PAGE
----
On Wednesday morning, 15 Baltimore police officers were ordered to report to its training academy for a routine equipment check. After they arrived, they were confronted by police Commissioner Frederick Bealefeld and FBI Special Agent in Charge Richard McFeely, who took their badges before arresting them.
The 15 officers, and two others who were on vacation, were charged in an extortion scheme in which they were paid a $300 kickback each for vehicles involved in accidents, that the police officers arranged to have towed to an Rosedale repair shop. One of the officers received a total of $14,400 over a two-year period.
The towing company and repair shop, Majjestic Auto Repair, owned by brothers Edwin Javier Mejia, 27, and Hernan Alexis Moreno Mejia, 30, recruited police officers beginning in January 2009 who would call the shop from an accident scene to arrange towing, repairs and car rentals.
Some of the cars towed by the shop were not disabled, but police officers convinced owners that Majestic should tow the cars, presumably to collect additional monies from insurance companies.
“The criminal complaint alleges that the officers were secretly working for a private auto repair business when they were supposed to be working for the police department and the citizens of Baltimore,” said U.S. Attorney Rod J. Rosenstein in a statement. “Police officers cross a bright line when they take payments from private citizens in connection with their official duties.”
The police officers charged in the scheme included Eddy Arias, age 39, of Catonsville; Eric Ivan Ayala Olivera, age 35, of Edgewood; Rodney Cintron, age 31, of Middle River; Jhonn S. Corona, age 32, of Rosedale; Michael Lee Cross, age 28, of Reisterstown; Jerry Edward Diggs, Jr., age 24, of Baltimore; Rafael Concepcion Feliciano Jr., age 30, of Baltimore; Jaime Luis Lugo Rivera, age 35, of Aberdeen; Kelvin Quade Manrich, age 41, of Gwynn Oak; Luis Nunez, age 33, of Baltimore; Samuel Ocasio, age 35, of Edgewood; David Reeping, age 41, of Baltimore; Jermaine Rice, age 28, of Owings Mills; Leonel Rodriguez Torres, age 31, of Edgewood; Marcos Fernando Urena, age 33, of Baltimore; Osvaldo Valentine, age 38, of Edgewood; and Henry Yambo, age 28, of Reisterstown.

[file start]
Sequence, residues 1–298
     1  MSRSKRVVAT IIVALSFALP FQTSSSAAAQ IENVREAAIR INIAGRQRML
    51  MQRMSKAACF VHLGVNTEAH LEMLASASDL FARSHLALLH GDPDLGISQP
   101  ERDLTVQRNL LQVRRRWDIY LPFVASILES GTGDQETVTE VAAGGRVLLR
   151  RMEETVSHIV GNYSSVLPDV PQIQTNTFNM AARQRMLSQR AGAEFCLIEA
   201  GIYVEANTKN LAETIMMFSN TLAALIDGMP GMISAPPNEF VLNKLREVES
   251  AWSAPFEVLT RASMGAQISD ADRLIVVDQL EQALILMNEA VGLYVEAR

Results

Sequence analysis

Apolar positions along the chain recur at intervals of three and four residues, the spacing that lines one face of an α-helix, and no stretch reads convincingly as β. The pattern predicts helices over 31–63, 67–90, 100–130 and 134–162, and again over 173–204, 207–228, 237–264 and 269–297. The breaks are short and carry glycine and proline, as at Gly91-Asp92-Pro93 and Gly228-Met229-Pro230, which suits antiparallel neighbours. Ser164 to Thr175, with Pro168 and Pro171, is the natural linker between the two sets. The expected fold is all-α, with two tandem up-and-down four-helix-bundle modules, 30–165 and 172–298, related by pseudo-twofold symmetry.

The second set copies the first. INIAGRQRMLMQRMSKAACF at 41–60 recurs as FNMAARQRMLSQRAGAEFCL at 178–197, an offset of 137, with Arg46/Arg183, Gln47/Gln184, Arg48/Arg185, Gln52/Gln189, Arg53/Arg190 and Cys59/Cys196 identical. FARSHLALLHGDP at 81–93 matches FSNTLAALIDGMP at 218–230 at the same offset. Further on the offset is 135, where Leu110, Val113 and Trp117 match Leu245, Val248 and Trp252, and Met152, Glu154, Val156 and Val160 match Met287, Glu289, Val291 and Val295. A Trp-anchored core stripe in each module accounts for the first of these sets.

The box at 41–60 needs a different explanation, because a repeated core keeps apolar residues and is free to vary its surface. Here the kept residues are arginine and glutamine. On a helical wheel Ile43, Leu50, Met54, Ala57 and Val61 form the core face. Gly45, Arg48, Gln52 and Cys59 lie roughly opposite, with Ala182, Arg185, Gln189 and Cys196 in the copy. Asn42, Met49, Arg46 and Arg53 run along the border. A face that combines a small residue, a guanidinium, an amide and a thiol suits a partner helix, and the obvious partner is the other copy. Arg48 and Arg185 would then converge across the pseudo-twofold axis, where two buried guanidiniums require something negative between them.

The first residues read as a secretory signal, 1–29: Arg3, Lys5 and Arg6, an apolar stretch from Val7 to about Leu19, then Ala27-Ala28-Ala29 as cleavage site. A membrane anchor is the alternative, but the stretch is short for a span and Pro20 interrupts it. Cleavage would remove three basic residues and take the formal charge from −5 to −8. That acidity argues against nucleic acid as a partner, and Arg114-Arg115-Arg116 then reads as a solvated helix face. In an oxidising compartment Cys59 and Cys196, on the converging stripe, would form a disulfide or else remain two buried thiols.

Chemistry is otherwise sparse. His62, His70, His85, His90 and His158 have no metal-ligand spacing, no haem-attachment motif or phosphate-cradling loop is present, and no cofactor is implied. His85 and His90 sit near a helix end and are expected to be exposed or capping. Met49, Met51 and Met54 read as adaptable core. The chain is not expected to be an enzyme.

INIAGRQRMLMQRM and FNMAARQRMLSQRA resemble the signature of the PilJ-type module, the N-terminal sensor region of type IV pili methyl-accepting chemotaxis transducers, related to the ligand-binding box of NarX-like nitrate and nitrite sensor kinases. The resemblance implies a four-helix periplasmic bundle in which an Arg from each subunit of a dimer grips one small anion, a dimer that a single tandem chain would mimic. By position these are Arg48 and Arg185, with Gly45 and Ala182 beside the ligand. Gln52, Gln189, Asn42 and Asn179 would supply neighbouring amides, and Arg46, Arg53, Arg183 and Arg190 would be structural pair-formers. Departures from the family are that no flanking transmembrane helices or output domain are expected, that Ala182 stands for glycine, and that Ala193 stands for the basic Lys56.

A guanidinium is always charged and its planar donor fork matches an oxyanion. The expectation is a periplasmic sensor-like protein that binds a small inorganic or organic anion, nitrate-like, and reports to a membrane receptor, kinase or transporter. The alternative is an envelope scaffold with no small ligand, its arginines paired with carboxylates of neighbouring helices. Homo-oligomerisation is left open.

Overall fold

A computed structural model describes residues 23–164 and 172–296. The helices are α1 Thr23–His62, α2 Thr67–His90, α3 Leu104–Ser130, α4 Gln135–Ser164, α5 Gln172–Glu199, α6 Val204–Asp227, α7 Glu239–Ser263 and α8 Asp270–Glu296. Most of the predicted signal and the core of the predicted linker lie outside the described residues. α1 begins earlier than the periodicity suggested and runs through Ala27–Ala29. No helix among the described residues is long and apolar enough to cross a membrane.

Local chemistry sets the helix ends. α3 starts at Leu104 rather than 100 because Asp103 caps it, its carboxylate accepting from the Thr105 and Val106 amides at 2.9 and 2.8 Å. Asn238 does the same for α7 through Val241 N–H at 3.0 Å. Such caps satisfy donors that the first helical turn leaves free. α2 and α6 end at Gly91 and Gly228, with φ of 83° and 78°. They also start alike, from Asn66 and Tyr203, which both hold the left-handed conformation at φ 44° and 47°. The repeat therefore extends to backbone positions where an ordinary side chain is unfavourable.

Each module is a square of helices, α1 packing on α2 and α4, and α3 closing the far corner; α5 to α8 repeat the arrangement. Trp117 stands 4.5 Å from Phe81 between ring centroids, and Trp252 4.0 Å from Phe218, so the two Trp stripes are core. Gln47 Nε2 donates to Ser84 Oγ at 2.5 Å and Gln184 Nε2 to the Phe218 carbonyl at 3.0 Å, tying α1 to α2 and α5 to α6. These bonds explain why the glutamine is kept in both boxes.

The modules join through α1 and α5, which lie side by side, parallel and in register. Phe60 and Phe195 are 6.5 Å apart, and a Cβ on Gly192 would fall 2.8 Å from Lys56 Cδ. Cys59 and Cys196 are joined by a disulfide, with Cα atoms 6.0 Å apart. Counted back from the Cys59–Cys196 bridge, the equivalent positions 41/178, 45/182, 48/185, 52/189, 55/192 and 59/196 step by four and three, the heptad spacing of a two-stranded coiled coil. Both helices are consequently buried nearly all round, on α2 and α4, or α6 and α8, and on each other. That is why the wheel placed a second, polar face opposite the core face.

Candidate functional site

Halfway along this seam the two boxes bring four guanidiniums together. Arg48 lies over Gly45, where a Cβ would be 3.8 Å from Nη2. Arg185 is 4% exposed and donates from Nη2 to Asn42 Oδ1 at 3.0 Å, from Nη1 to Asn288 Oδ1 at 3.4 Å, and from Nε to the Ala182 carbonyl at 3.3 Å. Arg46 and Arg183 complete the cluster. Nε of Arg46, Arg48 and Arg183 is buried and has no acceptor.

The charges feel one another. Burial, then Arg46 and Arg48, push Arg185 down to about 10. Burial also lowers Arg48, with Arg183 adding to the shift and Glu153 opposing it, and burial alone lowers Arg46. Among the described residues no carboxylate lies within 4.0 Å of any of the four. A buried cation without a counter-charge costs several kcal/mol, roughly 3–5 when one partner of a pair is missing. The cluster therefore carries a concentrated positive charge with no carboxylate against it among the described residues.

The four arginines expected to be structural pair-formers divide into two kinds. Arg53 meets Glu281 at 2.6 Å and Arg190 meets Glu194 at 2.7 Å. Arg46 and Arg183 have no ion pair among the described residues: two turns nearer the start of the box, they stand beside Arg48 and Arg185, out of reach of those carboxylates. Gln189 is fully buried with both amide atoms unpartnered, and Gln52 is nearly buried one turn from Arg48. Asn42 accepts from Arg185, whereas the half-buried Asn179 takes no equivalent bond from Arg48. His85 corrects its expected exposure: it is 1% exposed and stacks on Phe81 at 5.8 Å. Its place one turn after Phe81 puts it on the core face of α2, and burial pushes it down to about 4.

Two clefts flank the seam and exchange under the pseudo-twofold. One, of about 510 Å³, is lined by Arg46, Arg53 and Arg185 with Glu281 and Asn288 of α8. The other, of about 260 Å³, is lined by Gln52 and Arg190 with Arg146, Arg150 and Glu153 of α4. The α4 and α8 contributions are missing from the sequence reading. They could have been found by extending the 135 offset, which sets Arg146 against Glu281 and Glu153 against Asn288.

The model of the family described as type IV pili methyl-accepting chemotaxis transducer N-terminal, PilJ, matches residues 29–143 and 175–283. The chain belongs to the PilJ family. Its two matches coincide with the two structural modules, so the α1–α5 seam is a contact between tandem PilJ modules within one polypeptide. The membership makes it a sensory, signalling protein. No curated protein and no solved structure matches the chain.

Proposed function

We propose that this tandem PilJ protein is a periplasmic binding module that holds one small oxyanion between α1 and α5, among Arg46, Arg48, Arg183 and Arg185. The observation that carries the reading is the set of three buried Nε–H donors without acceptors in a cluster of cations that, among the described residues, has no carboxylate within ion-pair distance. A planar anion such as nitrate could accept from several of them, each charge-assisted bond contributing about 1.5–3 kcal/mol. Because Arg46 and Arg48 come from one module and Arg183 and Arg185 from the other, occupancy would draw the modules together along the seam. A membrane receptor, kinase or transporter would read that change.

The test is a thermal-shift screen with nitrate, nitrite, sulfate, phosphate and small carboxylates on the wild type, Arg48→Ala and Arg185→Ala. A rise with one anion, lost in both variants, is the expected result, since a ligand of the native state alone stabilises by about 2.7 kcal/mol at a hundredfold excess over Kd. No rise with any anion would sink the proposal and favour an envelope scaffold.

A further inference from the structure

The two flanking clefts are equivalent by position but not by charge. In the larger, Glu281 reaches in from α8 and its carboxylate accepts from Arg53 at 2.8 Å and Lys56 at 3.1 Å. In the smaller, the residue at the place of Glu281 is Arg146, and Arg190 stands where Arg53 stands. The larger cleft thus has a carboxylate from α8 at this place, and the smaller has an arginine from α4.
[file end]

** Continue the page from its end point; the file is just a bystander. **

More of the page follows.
The FBI said the investigation began within the police department and involved the use of wiretaps and electronic surveillance.
All the officers were suspended without pay, and could face up to 20 years behind bars.
Baltimore’s mayor Stephanie Rawlings-Blake released a statement which read “I expect all City employees to serve the public with the highest level of integrity, and I will not tolerate criminal or unethical activity by any city employee. I appreciate the efforts of Commissioner Bealefeld and our federal partners for working closely together to investigate, arrest, and prosecute these individuals. Any criminal activity by a Baltimore police officer dishonors our city and the 3,000 men and women of the Baltimore Police Department who serve with great professionalism and integrity.”
Read the court documents here.